Better than nothing: That's the real dirt on the softwood deal

L'entente Canada - États-Unis sur le commerce du bois d'oeuvre

Nothing leaves you feeling grimier than spending time around the softwood-lumber file.
Having concluded what was supposed to be the absolutely, positively, i's-dotted, t's-crossed final text of a softwood-lumber agreement with the United States last weekend, the Conservative government now finds itself under attack from furious lumber producers and the government of British Columbia. Both maintain Canada has been snookered by the wily Yanks at the last minute, and want the deal reopened.
At the heart of the matter is an escape clause, forced on the Canadians by the U.S. negotiators, handing either side (really, just the American side) the right to give notice after 23 months that it wants out of the agreement, which would then terminate a year later.
So, a seven-year deal could become a three-year deal, and then negotiations (accompanied, no doubt, by fresh American tariffs) would start all over again.
No wonder the Canadian lumber industry isn't happy. Because the lumber companies must drop their lawsuits for the deal to take effect, which many are now threatening not to do, some observers predict this agreement will die, unless Ottawa can get the Americans to relent.
Stephen Harper's government, however, is unlikely to ask the Americans to return to the table. Instead, it will try to stare down provincial and industry opposition. For the sake of the industry, we should hope it succeeds.
Industry executives who oppose the final text of this agreement need to consider the future that would await them if it fails.
They would lose the $4-billion they are due in refunded duties from the Americans, and could face new and higher tariffs.
They would lose any financial and legal assistance from the federal government, which would wash its hands of the file, claiming softwood lumber had joined amending the Constitution on the list of impossible political tasks.
And they would strengthen the already mighty hand of the U.S. lumber lobby. The Canadians will never sign a deal with us, the Yankee lumber execs would tell congressional politicians (after pulling them out of their pocket). Let's make the sanctions even tougher, to teach the Canucks a lesson.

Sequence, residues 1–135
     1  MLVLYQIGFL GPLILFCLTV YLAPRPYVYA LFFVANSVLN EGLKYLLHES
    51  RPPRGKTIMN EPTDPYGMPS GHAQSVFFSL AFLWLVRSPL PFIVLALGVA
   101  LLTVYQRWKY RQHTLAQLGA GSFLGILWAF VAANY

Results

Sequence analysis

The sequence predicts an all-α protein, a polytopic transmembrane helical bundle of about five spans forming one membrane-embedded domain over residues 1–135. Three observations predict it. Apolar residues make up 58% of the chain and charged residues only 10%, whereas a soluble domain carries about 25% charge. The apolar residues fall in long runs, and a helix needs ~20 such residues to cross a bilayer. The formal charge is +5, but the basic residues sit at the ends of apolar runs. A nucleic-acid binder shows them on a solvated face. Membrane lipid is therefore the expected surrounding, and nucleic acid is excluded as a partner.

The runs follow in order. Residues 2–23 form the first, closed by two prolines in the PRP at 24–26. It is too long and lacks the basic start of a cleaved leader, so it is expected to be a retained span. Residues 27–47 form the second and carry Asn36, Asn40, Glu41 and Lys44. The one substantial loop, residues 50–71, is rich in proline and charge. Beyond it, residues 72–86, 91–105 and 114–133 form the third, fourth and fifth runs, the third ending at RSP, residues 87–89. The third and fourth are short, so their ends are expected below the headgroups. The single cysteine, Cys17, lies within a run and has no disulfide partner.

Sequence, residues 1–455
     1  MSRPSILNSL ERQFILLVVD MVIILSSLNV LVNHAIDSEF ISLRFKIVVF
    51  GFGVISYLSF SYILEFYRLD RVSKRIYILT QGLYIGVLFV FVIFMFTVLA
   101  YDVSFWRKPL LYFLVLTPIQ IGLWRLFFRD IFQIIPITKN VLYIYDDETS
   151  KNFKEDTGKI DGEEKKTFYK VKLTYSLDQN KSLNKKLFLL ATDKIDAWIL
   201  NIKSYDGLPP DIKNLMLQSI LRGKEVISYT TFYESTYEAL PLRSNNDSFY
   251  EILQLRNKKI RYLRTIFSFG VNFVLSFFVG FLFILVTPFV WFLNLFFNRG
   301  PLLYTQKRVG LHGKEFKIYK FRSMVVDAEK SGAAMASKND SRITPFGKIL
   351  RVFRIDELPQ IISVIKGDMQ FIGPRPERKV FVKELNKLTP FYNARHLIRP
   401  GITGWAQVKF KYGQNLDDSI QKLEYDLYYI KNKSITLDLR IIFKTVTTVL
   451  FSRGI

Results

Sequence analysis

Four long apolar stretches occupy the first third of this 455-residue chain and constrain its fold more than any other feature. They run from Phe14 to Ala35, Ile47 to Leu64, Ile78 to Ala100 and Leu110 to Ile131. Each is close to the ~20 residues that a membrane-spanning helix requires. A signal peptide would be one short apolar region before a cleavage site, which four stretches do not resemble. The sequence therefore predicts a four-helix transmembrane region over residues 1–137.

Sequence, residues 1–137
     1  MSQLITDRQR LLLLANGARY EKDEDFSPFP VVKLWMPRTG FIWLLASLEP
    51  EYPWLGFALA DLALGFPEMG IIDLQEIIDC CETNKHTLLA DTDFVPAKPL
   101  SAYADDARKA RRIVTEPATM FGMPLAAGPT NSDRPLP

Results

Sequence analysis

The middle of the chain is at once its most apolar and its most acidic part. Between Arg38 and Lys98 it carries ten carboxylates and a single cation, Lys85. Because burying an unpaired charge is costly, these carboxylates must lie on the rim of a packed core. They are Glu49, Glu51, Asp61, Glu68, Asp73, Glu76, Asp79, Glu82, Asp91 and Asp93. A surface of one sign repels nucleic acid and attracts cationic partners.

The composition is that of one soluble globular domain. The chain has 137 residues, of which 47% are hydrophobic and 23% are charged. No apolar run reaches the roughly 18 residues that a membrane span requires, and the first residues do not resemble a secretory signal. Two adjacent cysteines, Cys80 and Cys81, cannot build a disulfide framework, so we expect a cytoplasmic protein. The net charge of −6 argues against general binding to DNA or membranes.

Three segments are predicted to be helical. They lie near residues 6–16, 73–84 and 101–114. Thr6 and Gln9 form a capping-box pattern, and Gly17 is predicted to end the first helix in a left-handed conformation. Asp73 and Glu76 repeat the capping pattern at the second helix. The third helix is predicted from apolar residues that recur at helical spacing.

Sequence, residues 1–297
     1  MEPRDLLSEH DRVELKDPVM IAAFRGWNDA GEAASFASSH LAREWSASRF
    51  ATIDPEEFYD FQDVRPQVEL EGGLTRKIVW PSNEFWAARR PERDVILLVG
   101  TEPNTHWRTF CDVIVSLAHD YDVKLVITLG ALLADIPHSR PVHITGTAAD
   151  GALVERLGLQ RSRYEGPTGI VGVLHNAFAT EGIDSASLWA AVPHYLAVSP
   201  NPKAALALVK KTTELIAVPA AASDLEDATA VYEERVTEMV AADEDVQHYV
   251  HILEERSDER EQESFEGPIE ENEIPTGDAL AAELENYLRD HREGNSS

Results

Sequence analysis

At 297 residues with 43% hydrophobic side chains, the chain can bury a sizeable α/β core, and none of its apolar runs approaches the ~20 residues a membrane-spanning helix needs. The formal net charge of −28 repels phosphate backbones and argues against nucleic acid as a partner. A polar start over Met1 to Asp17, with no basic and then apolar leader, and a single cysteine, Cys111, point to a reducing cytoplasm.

Of course, Canada could always continue with its legal challenges to the American tariff. But President George W. Bush's administration has made it clear that it will ignore any rulings that go against it, unless and until the Supreme Court orders it to do otherwise.
It would take years before the court could be expected to hear the softwood case. By that time, the stakes would be so high that the very constitutionality of the North American free-trade agreement could come into question.
To win in the courts on softwood lumber, at the cost of losing NAFTA, would be a truly epic Pyrrhic victory.
Let's be clear: This is a lousy deal for Canada. The Americans get to keep $1-billion in duties that they took from us illegally. Trade in softwood lumber will be carefully managed, in the American interest.
But this lousy deal is the only deal available. The fact remains that the Americans have something we badly need: access to their lumber market. This is the price we have to pay for that access.
Domestically, Mr. Harper will use his favoured strategy: Propose a solution and defy the opposition to torpedo it. Implementing legislation reaches Parliament this fall.
The opposition parties, lumber executives and B.C. Premier Gordon Campbell will then have a choice: Swallow hard and let the agreement go through, or scuttle it and brace for the consequences.
Emotion and political calculation will play their part. But understand, folks: It's this deal or we go back to court. And where has that ever gotten us?
On the other hand, it shouldn't come as a surprise if you feel a need to take a shower.

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